Consider a frame centered on $A$ . The gravity of $B$ is denoted as $g_{B}$ and will be treated as a perturbation to the dynamics of $C$ due to the gravity $g_{A}$ of body $A$ . Due their gravitational interactions, point $A$ is attracted to point $B$ with acceleration $a_{A}={\frac {Gm_{B}}{R^{3}}}(r_{B}-r_{A})$ , this frame is therefore non-inertial. To quantify the effects of the perturbations in this frame, one should consider the ratio of the perturbations to the main body gravity i.e. $\chi _{A}={\frac {|g_{B}-a_{A}|}{|g_{A}|}}$ . The perturbation $g_{B}-a_{A}$ is also known as the tidal forces due to body $B$ . It is possible to construct the perturbation ratio $\chi _{B}$ for the frame centered on $B$ by interchanging $A\leftrightarrow B$ .

Frame AFrame B
Main acceleration$g_{A}$ $g_{B}$ Frame acceleration$a_{A}$ $a_{B}$ Secondary acceleration$g_{B}$ $g_{A}$ Perturbation, tidal forces$g_{B}-a_{A}$ $g_{A}-a_{B}$ Perturbation ratio $\chi$ $\chi _{A}={\frac {|g_{B}-a_{A}|}{|g_{A}|}}$ $\chi _{B}={\frac {|g_{A}-a_{B}|}{|g_{B}|}}$ As $C$ gets close to $A$ , $\chi _{A}\rightarrow 0$ and $\chi _{B}\rightarrow \infty$ , and vice versa. The frame to choose is the one that has the smallest perturbation ratio. The surface for which $\chi _{A}=\chi _{B}$ separates the two regions of influence. In general this region is rather complicated but in the case that one mass dominates the other, say $m_{A}\ll m_{B}$ , it is possible to approximate the separating surface. In such a case this surface must be close to the mass $A$ , denote $r$ as the distance from $A$ to the separating surface.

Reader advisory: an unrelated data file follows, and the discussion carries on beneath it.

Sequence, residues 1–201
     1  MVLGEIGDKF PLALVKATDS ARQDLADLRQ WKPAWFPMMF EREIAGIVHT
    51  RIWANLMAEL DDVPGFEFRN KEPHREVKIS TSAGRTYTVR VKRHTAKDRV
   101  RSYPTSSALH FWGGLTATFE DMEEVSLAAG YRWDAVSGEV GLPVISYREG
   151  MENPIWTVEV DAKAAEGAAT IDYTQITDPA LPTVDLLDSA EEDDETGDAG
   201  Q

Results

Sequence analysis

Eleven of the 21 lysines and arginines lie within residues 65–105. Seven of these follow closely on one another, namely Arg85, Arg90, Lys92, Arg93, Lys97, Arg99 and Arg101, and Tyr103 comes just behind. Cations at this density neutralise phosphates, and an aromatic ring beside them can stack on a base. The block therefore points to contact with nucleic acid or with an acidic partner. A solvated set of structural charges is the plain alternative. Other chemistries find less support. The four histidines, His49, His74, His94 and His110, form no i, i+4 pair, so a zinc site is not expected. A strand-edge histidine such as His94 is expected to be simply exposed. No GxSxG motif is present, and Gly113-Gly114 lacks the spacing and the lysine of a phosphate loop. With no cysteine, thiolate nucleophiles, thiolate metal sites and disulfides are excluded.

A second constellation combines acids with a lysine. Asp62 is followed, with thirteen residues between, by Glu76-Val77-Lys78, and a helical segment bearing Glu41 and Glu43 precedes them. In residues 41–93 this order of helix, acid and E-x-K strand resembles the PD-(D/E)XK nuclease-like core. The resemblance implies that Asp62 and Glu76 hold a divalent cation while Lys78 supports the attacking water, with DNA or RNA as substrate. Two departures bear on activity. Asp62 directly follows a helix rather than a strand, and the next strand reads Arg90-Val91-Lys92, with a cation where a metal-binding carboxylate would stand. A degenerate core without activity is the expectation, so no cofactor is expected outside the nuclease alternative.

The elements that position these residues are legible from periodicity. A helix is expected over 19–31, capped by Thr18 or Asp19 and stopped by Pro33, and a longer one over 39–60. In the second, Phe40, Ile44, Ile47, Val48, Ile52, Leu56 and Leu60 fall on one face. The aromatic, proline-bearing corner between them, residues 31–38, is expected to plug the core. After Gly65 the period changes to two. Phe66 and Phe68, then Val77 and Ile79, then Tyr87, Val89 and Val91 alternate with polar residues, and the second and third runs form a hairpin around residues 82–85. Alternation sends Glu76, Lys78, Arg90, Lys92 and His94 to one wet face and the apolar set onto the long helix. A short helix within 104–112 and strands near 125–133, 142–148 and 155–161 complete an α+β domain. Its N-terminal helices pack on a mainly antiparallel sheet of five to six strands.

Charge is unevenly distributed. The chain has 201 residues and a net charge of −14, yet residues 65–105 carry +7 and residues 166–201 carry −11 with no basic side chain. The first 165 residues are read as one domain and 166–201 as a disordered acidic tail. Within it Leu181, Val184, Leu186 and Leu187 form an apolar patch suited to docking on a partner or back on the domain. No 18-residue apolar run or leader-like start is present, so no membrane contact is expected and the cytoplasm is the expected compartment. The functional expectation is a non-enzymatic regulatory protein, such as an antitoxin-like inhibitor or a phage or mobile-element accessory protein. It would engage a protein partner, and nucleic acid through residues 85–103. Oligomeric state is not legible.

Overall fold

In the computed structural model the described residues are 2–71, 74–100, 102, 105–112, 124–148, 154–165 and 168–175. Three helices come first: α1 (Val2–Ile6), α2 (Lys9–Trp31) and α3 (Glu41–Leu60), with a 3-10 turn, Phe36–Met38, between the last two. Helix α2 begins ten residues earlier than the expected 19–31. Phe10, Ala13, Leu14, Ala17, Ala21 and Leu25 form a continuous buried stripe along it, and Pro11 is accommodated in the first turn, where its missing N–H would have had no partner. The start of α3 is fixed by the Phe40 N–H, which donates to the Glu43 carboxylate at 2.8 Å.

Frame AFrame B
Main acceleration$g_{A}={\frac {Gm_{A}}{r^{2}}}$ $g_{B}\approx {\frac {Gm_{B}}{R^{2}}}+{\frac {Gm_{B}}{R^{3}}}r\approx {\frac {Gm_{B}}{R^{2}}}$ Frame acceleration$a_{A}={\frac {Gm_{B}}{R^{2}}}$ $a_{B}={\frac {Gm_{A}}{R^{2}}}\approx 0$ Secondary acceleration$g_{B}\approx {\frac {Gm_{B}}{R^{2}}}+{\frac {Gm_{B}}{R^{3}}}r$ $g_{A}={\frac {Gm_{A}}{r^{2}}}$ Perturbation, tidal forces$g_{B}-a_{A}\approx {\frac {Gm_{B}}{R^{3}}}r$ $g_{A}-a_{B}\approx {\frac {Gm_{A}}{r^{2}}}$ Perturbation ratio $\chi$ $\chi _{A}\approx {\frac {m_{B}}{m_{A}}}{\frac {r^{3}}{R^{3}}}$ $\chi _{B}\approx {\frac {m_{A}}{m_{B}}}{\frac {R^{2}}{r^{2}}}$ The distance to the sphere of influence must thus satisfy ${\frac {m_{B}}{m_{A}}}{\frac {r^{3}}{R^{3}}}={\frac {m_{A}}{m_{B}}}{\frac {R^{2}}{r^{2}}}$ and so $r=R\left({\frac {m_{A}}{m_{B}}}\right)^{2/5}$ is the radius of the sphere of influence of body $A$ ## Related Research Articles Mass is the quantity of matter in a physical body. It is also a measure of the body's inertia, the resistance to acceleration when a net force is applied. An object's mass also determines the strength of its gravitational attraction to other bodies. In celestial mechanics, an orbit is the gravitationally curved trajectory of an object, such as the trajectory of a planet around a star or a natural satellite around a planet. Normally, orbit refers to a regularly repeating trajectory, although it may also refer to a non-repeating trajectory. To a close approximation, planets and satellites follow elliptic orbits, with the center of mass being orbited at a focal point of the ellipse, as described by Kepler's laws of planetary motion.

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1. Seefelder, Wolfgang (2002). Lunar Transfer Orbits Utilizing Solar Perturbations and Ballistic Capture. Munich: Herbert Utz Verlag. p. 76. ISBN   3-8316-0155-0 . Retrieved July 3, 2018.